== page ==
On October 18, 2023, Amazon filed a motion to dismiss the Federal Trade Commission’s lawsuit alleging that the company deceived millions of consumers into nonconsensual Prime membership enrollment and thwarted members’ attempts to cancel their Prime subscriptions. In a heavily redacted complaint filed on June 21, 2023 in the Western District of Washington, the FTC charges Amazon with using “manipulative, coercive, or deceptive user-interface designs known as ‘dark patterns’ to trick consumers into enrolling in automatically-renewing Prime subscriptions,” in violation of the FTC Act and the Restore Online Shoppers’ Confidence Act (“ROSCA”). The FTC describes the Amazon platform as bombarding customers with options to sign up for Prime and obscuring options to shop without Prime, making non-Prime alternatives difficult for consumers to locate. In some cases, the FTC alleges, the button to complete a transaction did not clearly state the shopper was also agreeing to enroll in a recurring Prime subscription.
According to the FTC, Amazon trapped customers into recurring subscriptions by knowingly complicating the cancellation process for those seeking to end their membership. Per the complaint, Amazon internally named the Prime cancellation process “Iliad”—the title of Homer’s epic on the decade-long Trojan War—because it designed the cancellation process to be “labyrinthine.” The FTC accuses Amazon leadership of “slow[ing] or reject[ing] user experience changes that would have made Iliad simpler for consumers because those changes adversely affected Amazon’s bottom line.”
On September 20, 2023, the FTC filed an amended complaint, adding the names of three senior Amazon executives who purportedly played key roles in the enrollment scheme. According to the amended complaint, which includes content from internal company emails and messages, Amazon executives acknowledged that the enrollment flow lacked transparency. The internal communications illustrate the extent to which the company and its management team were aware of the misconduct, contends the FTC.
In its motion to dismiss, Amazon asked a Seattle federal judge to dismiss the FTC’s lawsuit, submitting the Commission is improperly attempting to change consumer protection law through litigation. “The FTC has repeatedly admitted that [ROSCA] does not provide necessary guidance on the ‘dark patterns’ theory that the FTC is aggressively prosecuting here,” states the motion. According to Amazon, the current laws are “problematically unclear,” and the FTC must promulgate new rules to define the concepts it’s trying to prosecute. The motion continues, “the FTC seeks to retroactively impose its interpretation of as-yet unpromulgated rules on Amazon in clear violation of Amazon’s due process rights.” Amazon insists that its Prime enrollment and cancellation processes are compliant with the law, and the FTC’s suit represents a “premature attempt to legislate through litigation,” depriving the company of fair notice.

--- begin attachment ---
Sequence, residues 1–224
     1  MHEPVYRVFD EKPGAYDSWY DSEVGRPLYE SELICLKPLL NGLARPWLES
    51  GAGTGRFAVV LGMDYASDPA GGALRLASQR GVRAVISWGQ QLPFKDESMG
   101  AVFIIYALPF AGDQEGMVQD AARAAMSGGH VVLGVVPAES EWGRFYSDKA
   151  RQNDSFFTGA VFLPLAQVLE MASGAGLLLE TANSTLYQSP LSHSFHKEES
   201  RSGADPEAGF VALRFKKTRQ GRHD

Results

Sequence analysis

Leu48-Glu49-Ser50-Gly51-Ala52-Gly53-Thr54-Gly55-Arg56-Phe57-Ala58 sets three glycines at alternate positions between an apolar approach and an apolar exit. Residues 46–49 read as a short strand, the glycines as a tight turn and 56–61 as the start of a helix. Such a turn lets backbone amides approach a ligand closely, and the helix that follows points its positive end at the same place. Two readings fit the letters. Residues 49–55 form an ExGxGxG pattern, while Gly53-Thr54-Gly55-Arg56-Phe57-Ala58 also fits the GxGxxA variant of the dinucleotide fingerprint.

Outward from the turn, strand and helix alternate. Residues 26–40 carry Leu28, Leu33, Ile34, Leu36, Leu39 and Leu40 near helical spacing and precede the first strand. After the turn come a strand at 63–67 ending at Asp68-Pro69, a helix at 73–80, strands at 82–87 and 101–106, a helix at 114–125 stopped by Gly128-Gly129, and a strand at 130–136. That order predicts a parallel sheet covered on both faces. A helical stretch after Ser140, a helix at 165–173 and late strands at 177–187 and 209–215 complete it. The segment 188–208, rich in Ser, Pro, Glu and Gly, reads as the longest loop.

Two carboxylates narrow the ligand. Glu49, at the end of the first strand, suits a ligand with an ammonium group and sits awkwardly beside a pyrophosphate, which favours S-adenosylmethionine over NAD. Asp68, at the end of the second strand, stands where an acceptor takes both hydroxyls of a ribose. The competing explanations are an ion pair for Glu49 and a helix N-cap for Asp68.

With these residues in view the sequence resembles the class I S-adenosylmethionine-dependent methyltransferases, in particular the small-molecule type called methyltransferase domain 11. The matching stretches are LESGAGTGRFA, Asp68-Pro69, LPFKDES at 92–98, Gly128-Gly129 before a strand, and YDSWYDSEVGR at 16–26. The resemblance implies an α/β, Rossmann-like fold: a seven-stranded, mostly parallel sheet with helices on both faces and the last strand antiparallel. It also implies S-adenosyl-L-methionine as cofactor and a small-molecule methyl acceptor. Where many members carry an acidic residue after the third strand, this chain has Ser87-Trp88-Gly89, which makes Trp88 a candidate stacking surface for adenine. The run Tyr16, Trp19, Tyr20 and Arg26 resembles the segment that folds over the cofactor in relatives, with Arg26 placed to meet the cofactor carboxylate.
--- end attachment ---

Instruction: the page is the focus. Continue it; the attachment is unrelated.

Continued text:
The present case is but one in a string of cases that form part of the FTC’s crackdown on the use of dark patterns. In late 2021, the FTC issued a warning that it planned to scrutinize patterns that “trick or trap” consumers into subscription services, noting the Commission’s past enforcement actions against subscription services had not gone far enough. In September of 2022, the FTC issued a 48-page dark patterns report, titled “Bringing Dark Patterns to Light.” Two months later, in November of 2022, the FTC reached a $100 million settlement with Vonage over the company’s auto-renewing phone plan and “junk” termination fees. The following month, in December of 2022, the FTC obtained a $520 million dark patterns settlement with Epic Games over violations of child privacy laws and for deceiving players into making unintentional in-game purchases. Months later, in a June 2023 press release commenting on the instant suit against Amazon, the FTC vowed it “will continue to vigorously protect Americans from ‘dark patterns’ and other unfair or deceptive practices in digital markets.” In its present motion to dismiss, Amazon emphasizes that litigation is not a permissible way for an agency to enact new standards, and the FTC ought to propose a rule that would address the “deceptive use of so-called ‘dark patterns’” rather than using ROSCA to “upend longstanding marketing practices.” If Amazon’s challenge is successful, the FTC will be required to provide clear guidance on dark patterns and regulation in this space before pursuing businesses they perceive to be violating ROSCA.